author photo

Mercedes González Amade: I'm 38 years old and physically challenged. I struggle daily in this life be it on crutches or in a wheelchair. I have a 12-year-old son who is my main inspiration and for who I have fought tooth and nail. I hold a position in the governmental institution that serves the handicapped in my part of the capital. In the afternoons I practice tennis well away from where I live. My intention with Havana Times is to help spread the desire to live and to do so with dignity, especially to persons with physical and motor difficulties.

Fashion and Values in Cuba

December 18, 2013 |

Mercedes Gonzalez Amade

Tennis in hard currency. Photo: Caridad

HAVANA TIMES — Almost everyone likes to follow fashion. Fashion is constantly changing, recycling styles that were popular in the past or setting new trends. This diversity makes it easy for the fashion industry to lure people with very different tastes.

In Cuba, we are not immune to these fluctuations, which decide what’s in style and what isn’t. Sometimes, we even go as far as judging a person not only on the basis of their feelings and character but also from what they wear.

Let me illustrate my point. I am 37, I feel young and I like to dress fashionably. There are things I can’t afford on my salary, but I feel good about myself and I don’t think I dress badly. What I dislike is this whole business of fashion having become a lifestyle and that society should reproduce the kind of frivolity that turns the lives of parents, adolescents and young people into a veritable race to keep up with latest trends.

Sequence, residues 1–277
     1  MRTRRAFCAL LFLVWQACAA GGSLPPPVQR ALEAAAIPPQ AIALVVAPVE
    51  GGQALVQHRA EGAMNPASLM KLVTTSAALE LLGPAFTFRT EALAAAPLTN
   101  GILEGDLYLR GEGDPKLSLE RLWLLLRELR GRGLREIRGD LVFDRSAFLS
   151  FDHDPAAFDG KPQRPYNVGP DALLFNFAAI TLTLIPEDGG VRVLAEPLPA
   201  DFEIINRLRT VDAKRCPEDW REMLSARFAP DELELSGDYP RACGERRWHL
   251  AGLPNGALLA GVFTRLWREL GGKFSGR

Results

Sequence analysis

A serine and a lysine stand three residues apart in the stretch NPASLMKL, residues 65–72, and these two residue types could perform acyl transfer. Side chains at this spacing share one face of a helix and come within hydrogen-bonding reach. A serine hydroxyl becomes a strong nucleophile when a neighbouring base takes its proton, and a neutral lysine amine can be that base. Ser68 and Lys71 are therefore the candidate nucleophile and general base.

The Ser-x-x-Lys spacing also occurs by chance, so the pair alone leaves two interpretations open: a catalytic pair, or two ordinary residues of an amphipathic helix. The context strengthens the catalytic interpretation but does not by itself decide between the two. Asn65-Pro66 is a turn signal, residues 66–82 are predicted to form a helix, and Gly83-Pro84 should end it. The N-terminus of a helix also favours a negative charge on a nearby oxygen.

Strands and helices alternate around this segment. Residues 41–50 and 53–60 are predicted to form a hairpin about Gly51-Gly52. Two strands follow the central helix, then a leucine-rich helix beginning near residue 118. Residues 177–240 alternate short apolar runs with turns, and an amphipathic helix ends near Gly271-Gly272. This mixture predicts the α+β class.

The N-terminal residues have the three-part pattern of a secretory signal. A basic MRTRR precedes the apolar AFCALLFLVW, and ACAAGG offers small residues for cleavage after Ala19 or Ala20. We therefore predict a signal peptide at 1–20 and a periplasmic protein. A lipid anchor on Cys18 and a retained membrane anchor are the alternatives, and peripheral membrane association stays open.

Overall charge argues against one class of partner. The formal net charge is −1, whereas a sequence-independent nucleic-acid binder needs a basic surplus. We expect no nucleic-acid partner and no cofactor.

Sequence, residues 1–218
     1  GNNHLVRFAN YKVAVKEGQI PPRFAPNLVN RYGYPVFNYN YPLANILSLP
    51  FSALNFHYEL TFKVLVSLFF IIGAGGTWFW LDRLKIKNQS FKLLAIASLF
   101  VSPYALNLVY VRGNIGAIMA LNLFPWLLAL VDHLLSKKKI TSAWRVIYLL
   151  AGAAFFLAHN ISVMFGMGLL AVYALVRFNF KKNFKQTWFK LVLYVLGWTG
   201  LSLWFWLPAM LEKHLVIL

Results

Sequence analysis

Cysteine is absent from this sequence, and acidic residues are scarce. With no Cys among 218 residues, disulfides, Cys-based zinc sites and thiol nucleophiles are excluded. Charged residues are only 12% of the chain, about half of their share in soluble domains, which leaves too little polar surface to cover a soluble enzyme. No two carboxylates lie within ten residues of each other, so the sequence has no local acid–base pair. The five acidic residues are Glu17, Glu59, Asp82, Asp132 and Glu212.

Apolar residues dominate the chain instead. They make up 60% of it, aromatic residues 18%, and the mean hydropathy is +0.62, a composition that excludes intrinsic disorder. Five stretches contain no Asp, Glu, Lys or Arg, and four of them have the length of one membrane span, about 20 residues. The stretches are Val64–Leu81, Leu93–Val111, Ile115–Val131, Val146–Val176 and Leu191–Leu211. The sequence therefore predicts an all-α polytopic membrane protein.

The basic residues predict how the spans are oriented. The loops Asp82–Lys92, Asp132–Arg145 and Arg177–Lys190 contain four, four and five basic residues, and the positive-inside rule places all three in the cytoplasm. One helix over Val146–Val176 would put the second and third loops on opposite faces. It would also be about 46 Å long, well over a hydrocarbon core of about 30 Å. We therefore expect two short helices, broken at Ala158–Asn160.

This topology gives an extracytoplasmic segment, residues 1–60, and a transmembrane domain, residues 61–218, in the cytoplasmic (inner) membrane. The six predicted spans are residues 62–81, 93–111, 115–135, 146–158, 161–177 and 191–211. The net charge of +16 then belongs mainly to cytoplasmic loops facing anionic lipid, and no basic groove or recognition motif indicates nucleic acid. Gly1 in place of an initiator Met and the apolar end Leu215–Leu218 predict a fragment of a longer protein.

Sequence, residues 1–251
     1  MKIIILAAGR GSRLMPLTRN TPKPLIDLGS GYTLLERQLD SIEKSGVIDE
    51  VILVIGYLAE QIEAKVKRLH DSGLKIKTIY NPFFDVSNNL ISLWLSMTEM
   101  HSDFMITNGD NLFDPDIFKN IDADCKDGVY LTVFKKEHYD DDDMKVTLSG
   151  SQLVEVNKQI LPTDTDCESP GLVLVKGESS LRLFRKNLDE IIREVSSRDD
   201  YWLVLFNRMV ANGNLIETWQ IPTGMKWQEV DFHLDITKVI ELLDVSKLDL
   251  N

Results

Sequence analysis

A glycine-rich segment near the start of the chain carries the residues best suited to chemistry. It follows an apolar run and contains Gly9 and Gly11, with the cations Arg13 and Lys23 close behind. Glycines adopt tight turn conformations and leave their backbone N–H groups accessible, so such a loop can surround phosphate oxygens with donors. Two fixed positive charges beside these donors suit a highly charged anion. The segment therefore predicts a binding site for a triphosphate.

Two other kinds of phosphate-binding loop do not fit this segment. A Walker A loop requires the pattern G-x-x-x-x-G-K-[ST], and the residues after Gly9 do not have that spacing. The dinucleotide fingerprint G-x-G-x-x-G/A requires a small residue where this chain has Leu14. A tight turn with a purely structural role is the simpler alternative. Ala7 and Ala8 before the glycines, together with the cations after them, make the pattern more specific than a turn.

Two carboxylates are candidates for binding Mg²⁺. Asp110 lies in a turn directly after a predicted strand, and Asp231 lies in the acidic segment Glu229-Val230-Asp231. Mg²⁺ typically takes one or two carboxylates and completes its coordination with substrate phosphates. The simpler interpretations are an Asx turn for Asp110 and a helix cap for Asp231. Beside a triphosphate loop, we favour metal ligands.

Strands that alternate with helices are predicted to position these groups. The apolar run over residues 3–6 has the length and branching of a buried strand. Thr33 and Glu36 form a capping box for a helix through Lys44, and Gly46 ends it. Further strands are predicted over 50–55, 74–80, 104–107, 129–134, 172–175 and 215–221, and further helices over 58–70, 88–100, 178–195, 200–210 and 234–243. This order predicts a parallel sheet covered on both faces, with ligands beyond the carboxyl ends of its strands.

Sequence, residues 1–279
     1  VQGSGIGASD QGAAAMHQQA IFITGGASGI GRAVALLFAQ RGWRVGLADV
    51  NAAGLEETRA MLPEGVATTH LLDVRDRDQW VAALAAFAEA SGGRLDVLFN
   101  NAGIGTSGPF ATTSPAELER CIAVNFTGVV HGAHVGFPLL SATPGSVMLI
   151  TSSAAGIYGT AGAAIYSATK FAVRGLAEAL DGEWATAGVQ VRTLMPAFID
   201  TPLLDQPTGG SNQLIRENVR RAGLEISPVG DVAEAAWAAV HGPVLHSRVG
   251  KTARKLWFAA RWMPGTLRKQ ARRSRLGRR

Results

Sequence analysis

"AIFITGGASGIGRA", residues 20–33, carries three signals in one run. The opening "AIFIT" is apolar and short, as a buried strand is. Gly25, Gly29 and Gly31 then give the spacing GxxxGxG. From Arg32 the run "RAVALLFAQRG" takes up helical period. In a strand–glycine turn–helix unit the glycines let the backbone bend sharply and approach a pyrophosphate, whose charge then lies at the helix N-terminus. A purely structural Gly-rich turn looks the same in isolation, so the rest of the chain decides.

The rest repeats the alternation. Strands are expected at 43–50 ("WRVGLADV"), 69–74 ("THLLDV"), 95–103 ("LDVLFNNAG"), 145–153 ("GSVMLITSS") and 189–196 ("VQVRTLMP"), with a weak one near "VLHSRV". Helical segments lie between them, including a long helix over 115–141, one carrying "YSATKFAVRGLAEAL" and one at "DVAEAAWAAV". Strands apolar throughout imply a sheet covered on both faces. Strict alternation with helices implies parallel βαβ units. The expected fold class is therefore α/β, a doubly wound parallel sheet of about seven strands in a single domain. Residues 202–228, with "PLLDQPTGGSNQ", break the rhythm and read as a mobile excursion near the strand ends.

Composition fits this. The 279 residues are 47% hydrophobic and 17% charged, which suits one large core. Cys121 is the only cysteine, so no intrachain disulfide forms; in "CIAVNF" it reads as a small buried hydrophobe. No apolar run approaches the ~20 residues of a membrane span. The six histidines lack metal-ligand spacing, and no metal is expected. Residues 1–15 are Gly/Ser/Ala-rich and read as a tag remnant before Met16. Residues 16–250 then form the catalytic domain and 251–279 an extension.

As a mother, I have tried to teach my son values such as respect, love and selflessness in one’s relationships with others (be them elderly people or people who need one’s help). Some kids and teenagers in my neighborhood tell me that’s “not in”, as though they were talking about a trend and not about upbringing.

These same young people tell me they only hang out – and will continue to hang out – with people who dress like they do or wear clothing more expensive than theirs – that is to say, what’s important to them isn’t the person as such, what how much the clothes they wear cost.

Perhaps 50 % of parents in this country can afford to spend 100 dollars in a pair of shoes for their kids, but, if they fail to teach these kids to become good people, to respect and value people regardless of the money they have, what they are conveying to them is that material possessions are more important than human values.

Clothing wears and is ultimately thrown away, but values prevail and ennoble people. I know many people who lead material lives, who are in relationships, not out of love, but because of what their partners can give them. They make friends for the same reasons, without feelings or principles – they are empty, unscrupulous people.

We can’t continue to encourage this mentality. Material belongings cannot continue to be valued so much. We parents must prevent these attitudes from spreading further.

Share this:

What's your opinion?